Symbolism in The Lion, the Witch and the Wardrobe appropriate

Leesville Road High School’s fall play this semester is the well known C.S. Lewis tale The Lion, The Witch and The Wardrobe. 

Ms. Lou Catania, the theatre department director, chose this play because “it is a great children’s story about good versus evil.”

But this choice has caused some controversy. The Lion, The Witch and The Wardrobe has well known religious symbolism, which has caused issues as public school’s are not supposed to be religiously affiliated.

“The removal of religion from school stems off of the ‘separation of church and state’ part of the Constitution,” said Principal Scott Lyons. “Since the state requires children under 16 to attend school, it can not force a set of beliefs on them.”

Kordell Draper, junior and part of the theatre department, can see how this separation is a good idea.

“It makes sense that we are not forced to believe in a certain religion. Because we have to be here [at school], teachers can tell us about different religions, but they should not tell us exactly what to believe,” said Draper.

“I would prefer not to have a Christian play this year, but that won’t stop me from being a part of it,” added Draper, an active member of his Jewish community.

Generally, however, the play choice has caused more excitement than controversy.

“I was thrilled when I found out we were doing The Lion, The Witch and the Wardrobe,” said Jenan Fatfat, “because I love this play, and I think it teaches a good lesson about imagination.”

Draper agreed.

“I never actually thought about all the Christian symbolism until it became an option for us to do this play,” said Draper, “but I have truly always loved the story.”

Catania was adamant about how it should not cause any problems.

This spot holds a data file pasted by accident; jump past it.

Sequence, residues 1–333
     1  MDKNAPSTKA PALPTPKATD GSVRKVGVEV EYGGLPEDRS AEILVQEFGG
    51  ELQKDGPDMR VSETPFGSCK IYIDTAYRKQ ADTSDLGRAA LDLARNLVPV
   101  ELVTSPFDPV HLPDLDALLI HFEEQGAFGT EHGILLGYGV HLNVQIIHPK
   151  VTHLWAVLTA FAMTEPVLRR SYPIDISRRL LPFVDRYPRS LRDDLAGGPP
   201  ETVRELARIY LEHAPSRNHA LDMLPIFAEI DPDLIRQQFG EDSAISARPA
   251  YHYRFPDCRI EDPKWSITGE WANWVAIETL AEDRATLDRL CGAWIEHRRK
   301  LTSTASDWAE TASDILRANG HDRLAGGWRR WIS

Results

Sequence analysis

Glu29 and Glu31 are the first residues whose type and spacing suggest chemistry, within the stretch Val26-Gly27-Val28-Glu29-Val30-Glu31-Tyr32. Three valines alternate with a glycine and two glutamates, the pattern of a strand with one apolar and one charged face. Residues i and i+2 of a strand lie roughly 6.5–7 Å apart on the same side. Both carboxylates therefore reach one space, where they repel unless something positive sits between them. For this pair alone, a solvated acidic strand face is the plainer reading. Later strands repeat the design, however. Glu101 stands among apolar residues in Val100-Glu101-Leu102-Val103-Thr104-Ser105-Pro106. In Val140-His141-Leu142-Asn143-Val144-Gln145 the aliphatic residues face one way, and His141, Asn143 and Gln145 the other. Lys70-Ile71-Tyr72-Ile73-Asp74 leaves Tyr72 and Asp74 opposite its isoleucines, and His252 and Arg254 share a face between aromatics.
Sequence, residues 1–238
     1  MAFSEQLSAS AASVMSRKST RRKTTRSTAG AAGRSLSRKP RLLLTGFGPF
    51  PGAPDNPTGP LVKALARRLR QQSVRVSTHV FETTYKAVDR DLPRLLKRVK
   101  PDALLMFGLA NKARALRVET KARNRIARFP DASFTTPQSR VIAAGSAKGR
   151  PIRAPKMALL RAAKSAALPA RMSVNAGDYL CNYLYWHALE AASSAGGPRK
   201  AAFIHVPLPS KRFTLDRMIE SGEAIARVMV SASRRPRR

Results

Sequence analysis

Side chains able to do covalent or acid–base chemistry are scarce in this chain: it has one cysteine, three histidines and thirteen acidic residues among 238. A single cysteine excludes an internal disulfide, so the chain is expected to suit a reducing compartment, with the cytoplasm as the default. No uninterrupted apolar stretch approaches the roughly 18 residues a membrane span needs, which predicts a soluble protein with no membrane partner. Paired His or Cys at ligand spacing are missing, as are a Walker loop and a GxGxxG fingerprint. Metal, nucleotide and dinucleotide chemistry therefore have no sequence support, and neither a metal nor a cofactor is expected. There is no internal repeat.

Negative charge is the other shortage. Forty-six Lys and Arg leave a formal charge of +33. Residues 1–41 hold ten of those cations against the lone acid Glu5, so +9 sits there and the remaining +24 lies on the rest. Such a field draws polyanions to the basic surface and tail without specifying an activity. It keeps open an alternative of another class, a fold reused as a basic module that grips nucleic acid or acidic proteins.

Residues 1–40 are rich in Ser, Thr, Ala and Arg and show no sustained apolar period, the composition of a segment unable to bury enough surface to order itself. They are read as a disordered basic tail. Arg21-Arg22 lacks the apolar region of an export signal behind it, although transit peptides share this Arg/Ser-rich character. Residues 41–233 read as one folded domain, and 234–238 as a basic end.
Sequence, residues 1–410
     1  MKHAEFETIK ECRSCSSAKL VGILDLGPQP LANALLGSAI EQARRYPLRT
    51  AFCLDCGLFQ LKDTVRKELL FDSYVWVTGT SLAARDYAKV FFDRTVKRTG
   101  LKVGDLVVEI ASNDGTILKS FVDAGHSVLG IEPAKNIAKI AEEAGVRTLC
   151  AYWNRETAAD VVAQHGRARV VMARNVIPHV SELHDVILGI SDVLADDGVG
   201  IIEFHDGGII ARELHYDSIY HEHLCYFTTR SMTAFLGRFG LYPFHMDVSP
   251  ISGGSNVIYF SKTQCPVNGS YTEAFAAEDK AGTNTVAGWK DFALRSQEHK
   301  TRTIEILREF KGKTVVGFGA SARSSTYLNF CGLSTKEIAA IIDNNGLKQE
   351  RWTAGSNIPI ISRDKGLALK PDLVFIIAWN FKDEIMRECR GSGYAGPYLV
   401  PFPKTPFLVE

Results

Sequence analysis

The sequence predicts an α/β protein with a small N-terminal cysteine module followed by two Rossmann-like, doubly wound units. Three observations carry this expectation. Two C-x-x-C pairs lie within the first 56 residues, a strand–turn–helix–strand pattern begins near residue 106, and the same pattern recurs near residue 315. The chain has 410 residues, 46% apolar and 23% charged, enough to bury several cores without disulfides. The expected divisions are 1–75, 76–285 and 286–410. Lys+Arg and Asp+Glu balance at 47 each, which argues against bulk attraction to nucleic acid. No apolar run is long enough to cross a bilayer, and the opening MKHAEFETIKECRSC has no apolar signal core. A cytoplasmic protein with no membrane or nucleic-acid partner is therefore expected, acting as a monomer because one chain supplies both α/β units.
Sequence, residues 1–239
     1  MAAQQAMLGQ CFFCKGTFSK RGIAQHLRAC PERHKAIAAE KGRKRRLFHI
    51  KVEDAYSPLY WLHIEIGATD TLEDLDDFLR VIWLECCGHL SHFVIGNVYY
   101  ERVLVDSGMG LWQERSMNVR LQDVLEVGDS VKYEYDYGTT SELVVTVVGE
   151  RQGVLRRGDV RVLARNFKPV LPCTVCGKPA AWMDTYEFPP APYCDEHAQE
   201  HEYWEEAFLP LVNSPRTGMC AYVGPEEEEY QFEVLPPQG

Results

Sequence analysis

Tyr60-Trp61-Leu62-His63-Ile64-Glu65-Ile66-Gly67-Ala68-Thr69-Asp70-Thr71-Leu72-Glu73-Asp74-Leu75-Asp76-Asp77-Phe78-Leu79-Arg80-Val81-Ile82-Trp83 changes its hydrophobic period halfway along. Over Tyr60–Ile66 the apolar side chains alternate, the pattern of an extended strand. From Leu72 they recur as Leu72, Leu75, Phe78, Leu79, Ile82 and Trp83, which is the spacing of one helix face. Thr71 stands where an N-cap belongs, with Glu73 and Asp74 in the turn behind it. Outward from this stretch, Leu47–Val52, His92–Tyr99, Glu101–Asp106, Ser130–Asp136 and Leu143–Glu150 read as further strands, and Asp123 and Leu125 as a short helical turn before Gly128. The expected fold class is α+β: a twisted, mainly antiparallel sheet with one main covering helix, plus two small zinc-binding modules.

“People can read whatever they want into any play. Being offended by The Lion the Witch and the Wardrobe is like being offended by The Wizard of Oz because you don’t like the symbolism,” added Catania.

Another way to look at it is taking a brief glance at the school curriculum. In 11th grade English, The Crucible, by Arthur Miller is assigned to read and examine. The Crucible is about the witchcraft scare with the Puritans in the 17th century. Religion is a reoccurring, obvious theme within the play. If this play is assigned in school to read, and it is obviously religious, there should not be any problem with a strictly symbolical religious play outside of school.

Also, no one, no students or parents, is required to participate in the play.

“If they are offended by the religious content, they can simply choose not to go see the play,” said Lyons.

At the end of the day, C.S. Lewis’ The Lion, The Witch and the Wardrobe is a quality children’s tale about faith and trust– but not necessarily about religion.

The preview is on November 2, and the show is on November 3, 4 and 5.


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